By all means this was far better than her previous. Set in the late roaring twenties and the early depression and the 1970s, this was a book which talked a lot about art. But mostly about what it is like to be a woman during that time.
Clara is the shining example of the story. She is the artist, she suffers for her work because she is a woman. And how she chose to survive, to persevere. And when she loses her way, it is something akin to a personal journey rather than anything else. And that she makes mistakes, and is faced by situations that are wholly out of her control.
But her struggle to be recognized as an artist always is. And was extremely entertaining to see. As well as her later life given how she chose to give up painting and move onto teaching art in hopes of nurturing more girls like her.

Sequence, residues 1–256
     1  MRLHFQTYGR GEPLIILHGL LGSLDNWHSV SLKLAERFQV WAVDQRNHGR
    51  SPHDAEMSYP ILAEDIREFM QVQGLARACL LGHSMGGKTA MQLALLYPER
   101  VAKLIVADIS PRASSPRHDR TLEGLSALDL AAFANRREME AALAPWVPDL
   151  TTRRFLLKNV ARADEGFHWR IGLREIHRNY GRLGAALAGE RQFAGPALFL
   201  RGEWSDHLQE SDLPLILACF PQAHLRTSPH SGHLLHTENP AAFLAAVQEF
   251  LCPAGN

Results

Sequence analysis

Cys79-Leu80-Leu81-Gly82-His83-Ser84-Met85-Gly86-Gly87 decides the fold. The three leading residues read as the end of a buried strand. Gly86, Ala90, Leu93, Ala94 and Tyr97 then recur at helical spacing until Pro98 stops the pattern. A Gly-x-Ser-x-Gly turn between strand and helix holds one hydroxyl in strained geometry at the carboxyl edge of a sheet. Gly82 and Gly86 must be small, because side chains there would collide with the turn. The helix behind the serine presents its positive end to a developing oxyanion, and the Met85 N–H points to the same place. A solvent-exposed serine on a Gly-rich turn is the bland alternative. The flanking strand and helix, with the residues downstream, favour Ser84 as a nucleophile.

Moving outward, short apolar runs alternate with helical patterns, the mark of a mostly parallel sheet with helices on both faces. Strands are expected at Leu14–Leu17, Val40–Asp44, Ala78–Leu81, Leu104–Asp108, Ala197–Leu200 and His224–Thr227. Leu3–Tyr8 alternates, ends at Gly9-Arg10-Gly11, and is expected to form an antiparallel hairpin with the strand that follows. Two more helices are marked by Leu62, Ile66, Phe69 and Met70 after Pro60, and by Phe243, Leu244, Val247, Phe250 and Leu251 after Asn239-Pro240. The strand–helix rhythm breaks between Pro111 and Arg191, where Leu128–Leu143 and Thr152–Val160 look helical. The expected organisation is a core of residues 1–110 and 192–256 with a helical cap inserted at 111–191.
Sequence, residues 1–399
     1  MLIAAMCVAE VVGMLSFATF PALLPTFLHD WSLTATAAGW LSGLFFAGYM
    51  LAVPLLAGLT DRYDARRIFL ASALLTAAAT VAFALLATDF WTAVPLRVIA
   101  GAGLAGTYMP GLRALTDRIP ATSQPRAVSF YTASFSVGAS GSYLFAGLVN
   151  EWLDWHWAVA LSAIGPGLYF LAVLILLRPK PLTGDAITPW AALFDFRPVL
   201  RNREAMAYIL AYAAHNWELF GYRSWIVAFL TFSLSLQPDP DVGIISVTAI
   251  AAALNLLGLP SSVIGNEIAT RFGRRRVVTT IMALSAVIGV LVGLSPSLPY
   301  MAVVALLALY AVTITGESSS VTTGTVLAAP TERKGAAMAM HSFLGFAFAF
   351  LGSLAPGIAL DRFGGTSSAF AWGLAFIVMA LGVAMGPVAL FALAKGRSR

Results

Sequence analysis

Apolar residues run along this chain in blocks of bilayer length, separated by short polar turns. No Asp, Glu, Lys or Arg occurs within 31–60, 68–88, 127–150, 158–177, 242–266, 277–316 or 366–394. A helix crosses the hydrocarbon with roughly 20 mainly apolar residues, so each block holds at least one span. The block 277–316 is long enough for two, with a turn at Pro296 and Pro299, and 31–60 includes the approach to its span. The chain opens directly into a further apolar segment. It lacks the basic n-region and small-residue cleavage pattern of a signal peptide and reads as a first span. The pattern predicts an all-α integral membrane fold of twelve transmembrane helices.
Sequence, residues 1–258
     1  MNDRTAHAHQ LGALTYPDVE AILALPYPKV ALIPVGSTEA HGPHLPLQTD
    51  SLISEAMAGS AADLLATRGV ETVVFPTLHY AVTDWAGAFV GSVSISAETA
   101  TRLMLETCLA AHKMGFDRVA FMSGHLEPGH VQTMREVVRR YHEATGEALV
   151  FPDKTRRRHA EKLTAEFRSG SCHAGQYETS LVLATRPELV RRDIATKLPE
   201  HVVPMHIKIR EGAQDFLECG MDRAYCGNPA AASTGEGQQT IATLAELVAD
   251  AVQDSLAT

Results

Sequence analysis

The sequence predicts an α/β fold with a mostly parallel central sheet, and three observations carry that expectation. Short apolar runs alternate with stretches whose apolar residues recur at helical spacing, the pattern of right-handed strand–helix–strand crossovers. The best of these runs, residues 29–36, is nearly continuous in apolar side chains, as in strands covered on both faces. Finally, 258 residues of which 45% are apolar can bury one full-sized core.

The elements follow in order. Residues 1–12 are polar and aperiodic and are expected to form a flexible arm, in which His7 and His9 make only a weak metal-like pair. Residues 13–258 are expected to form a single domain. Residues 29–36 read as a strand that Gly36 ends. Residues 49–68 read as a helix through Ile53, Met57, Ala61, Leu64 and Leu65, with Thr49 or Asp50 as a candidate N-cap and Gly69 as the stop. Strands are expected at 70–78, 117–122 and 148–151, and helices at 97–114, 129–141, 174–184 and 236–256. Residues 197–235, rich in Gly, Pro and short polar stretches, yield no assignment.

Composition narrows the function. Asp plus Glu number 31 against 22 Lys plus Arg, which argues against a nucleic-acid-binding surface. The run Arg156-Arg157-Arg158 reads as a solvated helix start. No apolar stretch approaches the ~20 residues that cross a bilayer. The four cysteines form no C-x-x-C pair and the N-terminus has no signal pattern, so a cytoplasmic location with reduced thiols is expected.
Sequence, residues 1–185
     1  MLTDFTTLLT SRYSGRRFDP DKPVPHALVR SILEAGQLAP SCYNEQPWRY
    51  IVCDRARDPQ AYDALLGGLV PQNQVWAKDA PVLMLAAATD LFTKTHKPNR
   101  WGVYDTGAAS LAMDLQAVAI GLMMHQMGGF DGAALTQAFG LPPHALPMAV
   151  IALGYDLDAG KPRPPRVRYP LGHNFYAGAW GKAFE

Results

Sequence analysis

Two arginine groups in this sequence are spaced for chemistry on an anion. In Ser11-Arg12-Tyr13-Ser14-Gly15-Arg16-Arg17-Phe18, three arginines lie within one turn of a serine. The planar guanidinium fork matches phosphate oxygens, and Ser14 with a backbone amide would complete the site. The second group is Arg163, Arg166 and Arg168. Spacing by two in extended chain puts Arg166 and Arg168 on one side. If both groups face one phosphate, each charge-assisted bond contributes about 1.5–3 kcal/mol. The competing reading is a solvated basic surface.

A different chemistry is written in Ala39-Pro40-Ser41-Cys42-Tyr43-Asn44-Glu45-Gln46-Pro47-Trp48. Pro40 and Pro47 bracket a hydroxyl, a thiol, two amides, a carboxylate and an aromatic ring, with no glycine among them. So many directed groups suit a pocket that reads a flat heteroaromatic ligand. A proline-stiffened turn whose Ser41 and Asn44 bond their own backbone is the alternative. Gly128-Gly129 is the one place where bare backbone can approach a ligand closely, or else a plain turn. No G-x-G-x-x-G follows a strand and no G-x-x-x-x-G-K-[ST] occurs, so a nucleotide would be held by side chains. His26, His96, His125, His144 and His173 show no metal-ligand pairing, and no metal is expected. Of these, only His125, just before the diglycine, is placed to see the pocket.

Virginia’s side of it is less so. About her issues as well as her daughter. I didn’t really like it nearly as much but I understood her points and why she chose her way at the end of the day. It didn’t really grab my attention as much as Clara. Although her purpose was more than just a helper, she was Clara’s inspiration later and helped to solve some of the biggest issue.
And the way that the ending was, I was surprised at the choices and eventually how they managed to solve it all and tie it up nearly. With the ending being about three women who found one another and leaving romances pretty much on the outside.
Not that I can complain. Overall, I enjoyed how this story was a tale of three women who found each other and sisterhood instead of love.
Rating: 4 out of 5